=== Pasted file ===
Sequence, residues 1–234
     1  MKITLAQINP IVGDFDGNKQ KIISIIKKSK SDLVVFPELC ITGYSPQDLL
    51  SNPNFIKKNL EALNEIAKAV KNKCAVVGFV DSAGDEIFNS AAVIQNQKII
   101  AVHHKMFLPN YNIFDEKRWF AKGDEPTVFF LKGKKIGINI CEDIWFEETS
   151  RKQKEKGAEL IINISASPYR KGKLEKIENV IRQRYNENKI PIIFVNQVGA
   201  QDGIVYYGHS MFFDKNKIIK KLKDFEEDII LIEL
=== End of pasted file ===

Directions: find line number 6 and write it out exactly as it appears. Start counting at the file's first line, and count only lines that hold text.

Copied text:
   201  QDGIVYYGHS MFFDKNKIIK KLKDFEEDII LIEL